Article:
BOISE • A last-minute attempt to scuttle a proposed state crackdown on same-sex couples died Tuesday in the House Revenue and Taxation Committee.
The committee rejected the motion by a 13-2 vote that would have gutted proposed tax rules forbidding same-sex couples legally married elsewhere from filing joint income tax returns.
The change to tax policy — requested by the Idaho State Tax Commission — may potentially result in same-sex couples paying more in taxes as well as require them to fill out more paperwork than heterosexual couples.
Democratic state Reps. Grant Burgoyne and Mat Erpelding, both of Boise, unsuccessfully tried to kill the new tax policy, which heads to the floor of both legislative house. Pocatello Rep. Caroline Meline was the only Democrat to vote alongside the 12 Republicans to keep the new rule, which included Magic Valley Reps. Stephen Hartgen, Twin Falls, and Clark Kauffman, Filer.
More than a half dozen Idahoan same-sex couples testified against the proposed tax regulation, which runs counter to the federal approach.
Steve Martins said he and his partner had been together 17 years. They were married last year in Seattle after the U.S. Supreme Court struck down key portions of the Defense of Marriage Act.
“We love each other and wanted to demonstrate that love and commitment to our family and friends,” Martin said.
Last year’s pivotal Supreme Court decision, however, still allowed states to use their own definition of marriage.
Idaho is one of 33 states that ban same-sex marriage and civil unions. In 2006, the state passed a constitutional amendment that defines marriage as between only a man and a woman.
“If you pass these changes, you are saying that my marriage is not due the same level of respect that all marriages deserve,” Martin said.
Many who chose to speak in front of the committee stood hand in hand with their spouses while one couple brought their young baby to the front of the room. The committee meanwhile, remained quiet, choosing not to ask questions to anyone that spoke.
“Please treat us fairly,” said Nicki Tangen, standing next to her wife, Rebecca George.
They own three businesses, share multiple bank accounts and own two houses together, Tangen said. Asking them to recalculate their income taxes will cost them thousands that opposite-sex couples don’t have to pay, she said.
“Requiring us to have different guidelines puts an undue burden on us,” she said.
Tim Walsh said he plans on marrying this year his partner of 10 years later.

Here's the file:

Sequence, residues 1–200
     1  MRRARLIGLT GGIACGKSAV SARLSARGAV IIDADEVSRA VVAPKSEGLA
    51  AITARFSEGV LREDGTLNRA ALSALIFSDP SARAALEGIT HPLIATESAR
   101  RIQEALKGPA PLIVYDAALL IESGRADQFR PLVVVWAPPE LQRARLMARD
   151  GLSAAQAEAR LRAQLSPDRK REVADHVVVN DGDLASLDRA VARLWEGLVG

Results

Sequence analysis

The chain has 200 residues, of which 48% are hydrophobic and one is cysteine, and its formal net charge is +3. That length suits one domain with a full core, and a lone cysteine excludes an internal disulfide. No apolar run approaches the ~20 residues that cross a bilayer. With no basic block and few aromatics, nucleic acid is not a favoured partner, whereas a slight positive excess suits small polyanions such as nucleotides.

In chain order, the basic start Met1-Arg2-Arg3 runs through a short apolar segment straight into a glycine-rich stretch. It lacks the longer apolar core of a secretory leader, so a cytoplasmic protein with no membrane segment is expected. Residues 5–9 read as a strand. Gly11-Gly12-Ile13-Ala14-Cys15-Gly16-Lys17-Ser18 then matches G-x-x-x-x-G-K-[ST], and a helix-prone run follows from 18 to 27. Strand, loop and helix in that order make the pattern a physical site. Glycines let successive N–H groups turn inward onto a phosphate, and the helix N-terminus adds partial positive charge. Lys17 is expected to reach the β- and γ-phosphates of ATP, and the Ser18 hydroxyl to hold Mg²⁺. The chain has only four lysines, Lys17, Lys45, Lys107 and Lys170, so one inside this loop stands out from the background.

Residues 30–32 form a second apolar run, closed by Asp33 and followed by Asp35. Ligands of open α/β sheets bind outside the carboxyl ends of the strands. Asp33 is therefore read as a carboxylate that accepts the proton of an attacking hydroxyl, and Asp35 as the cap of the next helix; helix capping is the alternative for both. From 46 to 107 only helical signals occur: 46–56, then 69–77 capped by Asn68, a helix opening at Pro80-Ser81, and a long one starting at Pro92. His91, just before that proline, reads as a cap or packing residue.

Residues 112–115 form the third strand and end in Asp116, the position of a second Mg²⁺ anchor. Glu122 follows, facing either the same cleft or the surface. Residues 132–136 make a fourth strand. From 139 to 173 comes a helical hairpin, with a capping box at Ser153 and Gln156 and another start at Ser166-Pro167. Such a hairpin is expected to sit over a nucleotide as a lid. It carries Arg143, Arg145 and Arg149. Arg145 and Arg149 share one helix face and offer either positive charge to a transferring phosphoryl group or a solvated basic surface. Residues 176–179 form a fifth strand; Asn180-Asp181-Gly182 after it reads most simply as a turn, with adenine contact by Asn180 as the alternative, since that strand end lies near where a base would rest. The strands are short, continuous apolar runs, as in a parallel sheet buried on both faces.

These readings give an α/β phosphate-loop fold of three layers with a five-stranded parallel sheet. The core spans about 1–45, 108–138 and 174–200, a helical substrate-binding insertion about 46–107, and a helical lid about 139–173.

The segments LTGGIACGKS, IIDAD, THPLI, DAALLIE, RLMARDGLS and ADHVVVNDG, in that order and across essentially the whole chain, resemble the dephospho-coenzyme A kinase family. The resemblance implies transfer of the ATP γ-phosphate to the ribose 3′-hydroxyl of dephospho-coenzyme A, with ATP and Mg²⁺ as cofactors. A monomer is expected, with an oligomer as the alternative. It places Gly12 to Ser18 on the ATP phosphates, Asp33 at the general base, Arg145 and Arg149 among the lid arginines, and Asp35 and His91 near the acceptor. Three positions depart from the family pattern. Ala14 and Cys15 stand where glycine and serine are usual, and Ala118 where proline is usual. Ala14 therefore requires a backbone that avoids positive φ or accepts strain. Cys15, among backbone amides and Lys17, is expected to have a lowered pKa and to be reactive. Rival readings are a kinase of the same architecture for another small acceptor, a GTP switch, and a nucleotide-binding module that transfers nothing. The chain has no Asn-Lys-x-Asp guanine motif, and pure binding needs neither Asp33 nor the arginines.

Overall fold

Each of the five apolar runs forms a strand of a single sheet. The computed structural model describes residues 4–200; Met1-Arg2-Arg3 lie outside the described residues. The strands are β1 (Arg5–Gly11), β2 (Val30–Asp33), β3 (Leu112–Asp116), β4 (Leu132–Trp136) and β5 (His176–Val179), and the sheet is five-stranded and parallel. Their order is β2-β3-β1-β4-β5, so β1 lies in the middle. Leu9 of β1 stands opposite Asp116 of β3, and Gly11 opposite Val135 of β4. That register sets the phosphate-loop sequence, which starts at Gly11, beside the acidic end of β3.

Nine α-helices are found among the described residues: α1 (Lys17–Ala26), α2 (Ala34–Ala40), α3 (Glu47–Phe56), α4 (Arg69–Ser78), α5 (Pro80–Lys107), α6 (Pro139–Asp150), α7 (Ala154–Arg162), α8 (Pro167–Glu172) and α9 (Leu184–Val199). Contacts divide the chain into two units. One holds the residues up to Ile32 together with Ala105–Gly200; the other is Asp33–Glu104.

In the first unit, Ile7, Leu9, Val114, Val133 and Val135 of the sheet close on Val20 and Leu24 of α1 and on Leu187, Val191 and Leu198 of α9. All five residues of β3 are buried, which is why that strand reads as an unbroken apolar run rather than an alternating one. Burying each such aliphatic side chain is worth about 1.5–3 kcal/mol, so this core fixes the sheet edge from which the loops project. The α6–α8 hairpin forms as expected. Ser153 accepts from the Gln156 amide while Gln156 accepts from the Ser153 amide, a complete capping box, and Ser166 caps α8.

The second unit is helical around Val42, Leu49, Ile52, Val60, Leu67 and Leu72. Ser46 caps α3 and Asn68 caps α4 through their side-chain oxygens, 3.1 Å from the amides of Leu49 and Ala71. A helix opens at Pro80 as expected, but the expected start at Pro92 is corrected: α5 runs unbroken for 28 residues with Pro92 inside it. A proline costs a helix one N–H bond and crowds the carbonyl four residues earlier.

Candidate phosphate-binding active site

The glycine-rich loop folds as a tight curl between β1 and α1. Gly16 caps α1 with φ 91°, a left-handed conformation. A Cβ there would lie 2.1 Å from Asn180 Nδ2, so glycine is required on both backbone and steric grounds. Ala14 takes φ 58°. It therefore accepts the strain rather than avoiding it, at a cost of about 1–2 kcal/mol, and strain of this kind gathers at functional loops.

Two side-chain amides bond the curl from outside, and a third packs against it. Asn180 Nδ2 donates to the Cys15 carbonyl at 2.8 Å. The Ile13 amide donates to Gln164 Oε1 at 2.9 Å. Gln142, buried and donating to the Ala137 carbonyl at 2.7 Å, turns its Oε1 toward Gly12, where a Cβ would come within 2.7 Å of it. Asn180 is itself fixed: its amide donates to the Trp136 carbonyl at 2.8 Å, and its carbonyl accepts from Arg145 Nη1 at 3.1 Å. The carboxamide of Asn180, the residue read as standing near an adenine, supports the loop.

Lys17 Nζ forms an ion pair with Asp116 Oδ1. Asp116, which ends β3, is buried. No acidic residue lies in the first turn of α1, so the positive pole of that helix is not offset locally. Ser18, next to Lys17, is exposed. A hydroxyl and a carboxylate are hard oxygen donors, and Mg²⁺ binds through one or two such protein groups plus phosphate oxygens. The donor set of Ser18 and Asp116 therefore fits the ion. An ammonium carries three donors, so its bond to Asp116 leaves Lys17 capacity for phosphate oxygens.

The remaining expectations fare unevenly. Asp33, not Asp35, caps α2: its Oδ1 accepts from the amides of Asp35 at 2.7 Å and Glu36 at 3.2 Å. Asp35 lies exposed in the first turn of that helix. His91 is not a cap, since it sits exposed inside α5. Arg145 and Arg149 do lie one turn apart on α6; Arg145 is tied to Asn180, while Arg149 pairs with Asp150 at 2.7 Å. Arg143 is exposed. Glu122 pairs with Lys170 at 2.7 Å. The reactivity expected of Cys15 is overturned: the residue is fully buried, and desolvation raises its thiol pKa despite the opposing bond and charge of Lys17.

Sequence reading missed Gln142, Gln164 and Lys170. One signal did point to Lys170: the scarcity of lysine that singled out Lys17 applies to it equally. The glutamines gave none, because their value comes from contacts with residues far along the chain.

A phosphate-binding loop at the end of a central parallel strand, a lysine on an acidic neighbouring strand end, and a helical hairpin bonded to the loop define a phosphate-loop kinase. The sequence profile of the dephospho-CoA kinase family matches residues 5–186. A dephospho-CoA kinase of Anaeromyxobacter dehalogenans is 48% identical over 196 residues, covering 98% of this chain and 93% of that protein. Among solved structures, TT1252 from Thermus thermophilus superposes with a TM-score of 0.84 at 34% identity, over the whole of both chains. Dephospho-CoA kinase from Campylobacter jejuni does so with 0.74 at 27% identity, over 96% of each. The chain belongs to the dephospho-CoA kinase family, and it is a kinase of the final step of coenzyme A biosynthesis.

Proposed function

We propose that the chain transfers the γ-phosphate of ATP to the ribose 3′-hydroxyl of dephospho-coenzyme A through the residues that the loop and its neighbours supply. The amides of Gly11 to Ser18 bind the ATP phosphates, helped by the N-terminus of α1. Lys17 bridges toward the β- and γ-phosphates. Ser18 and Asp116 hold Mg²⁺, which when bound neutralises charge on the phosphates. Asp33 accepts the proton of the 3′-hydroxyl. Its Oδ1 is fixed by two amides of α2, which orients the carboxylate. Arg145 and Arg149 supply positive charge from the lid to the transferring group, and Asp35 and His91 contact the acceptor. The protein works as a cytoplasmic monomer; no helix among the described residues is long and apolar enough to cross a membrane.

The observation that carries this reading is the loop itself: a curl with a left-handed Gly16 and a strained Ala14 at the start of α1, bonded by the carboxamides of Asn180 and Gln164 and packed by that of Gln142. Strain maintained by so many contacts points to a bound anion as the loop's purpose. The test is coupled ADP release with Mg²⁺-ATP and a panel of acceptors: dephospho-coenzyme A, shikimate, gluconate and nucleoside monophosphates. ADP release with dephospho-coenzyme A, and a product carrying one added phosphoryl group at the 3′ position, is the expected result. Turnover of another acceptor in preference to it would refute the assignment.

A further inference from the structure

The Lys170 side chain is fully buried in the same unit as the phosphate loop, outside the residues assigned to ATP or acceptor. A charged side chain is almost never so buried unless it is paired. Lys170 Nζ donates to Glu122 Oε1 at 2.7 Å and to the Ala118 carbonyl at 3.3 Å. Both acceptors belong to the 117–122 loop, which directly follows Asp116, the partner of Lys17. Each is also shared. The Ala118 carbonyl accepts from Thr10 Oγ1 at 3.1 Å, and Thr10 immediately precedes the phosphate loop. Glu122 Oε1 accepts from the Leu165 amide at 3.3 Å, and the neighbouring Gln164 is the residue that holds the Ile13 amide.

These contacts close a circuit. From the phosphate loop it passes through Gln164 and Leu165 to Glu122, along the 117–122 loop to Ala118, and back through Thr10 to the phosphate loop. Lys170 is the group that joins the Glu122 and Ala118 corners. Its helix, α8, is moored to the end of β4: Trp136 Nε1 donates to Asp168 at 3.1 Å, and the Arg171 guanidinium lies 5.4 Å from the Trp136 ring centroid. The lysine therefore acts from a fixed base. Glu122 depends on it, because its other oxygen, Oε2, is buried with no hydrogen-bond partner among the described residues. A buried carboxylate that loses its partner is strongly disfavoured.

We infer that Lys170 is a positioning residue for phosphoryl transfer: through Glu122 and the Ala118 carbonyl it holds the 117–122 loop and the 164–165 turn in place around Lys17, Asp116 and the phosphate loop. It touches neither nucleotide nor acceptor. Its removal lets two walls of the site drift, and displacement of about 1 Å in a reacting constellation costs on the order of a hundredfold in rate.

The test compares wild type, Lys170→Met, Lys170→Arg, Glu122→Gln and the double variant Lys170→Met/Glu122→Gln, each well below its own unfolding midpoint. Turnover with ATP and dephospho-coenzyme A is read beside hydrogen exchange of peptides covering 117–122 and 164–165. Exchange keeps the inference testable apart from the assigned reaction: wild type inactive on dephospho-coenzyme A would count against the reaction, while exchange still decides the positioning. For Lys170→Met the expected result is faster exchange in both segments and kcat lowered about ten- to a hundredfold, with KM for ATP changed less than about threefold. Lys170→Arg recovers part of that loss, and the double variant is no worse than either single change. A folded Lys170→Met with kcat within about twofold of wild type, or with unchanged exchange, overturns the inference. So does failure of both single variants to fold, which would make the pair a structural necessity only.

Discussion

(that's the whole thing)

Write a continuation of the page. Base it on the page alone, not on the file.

He said the government should not determine how he should choose to file.
“The question if we should file married as singles or married filing jointly should be left to us and not the government,” Walsh said. “If members of the committee truly believe in a less intrusive government, you would believe that.”
Others that chose to spoke explained that under the Affordable Care Act, legally married same-sex couples must file as joint-married on their federal tax forms in order to receive their insurance benefits. This means filing several rounds of paperwork in order to comply with the Idaho’s tax rules along with the federal health care reform act.
Monica Hopkins, executive director of the American Civil Liberties Union of Idaho, also urged the committee to reject the rule.
Hopkins listed states with similar Idaho same-sex marriage laws, such as Oregon and Missouri, have found alternative solutions to follow the same guidelines of the federal government, which recognizes same-sex joint marriage income tax forms.
Tax Committee members said the Tax Commission was following Idaho law by creating the new rule.
“Let those that are contesting this take it to court to decide whether this law is legal or not,” said state Rep. Dell Raybould, R-Rexburg.
Burgoyne countered that the rule was “a denial of equal protection.”
There is no need, Burgoyne added, for a change in the filing rules because Idaho already required state tax filers to follow the same filing on their federal returns.
Hartgen the proposed tax rule is appropriate considering the state Constitution.
“It can be changed at some future date, should court rulings and other considerations come into play. This is a rapidly changing field,” Hartgen said.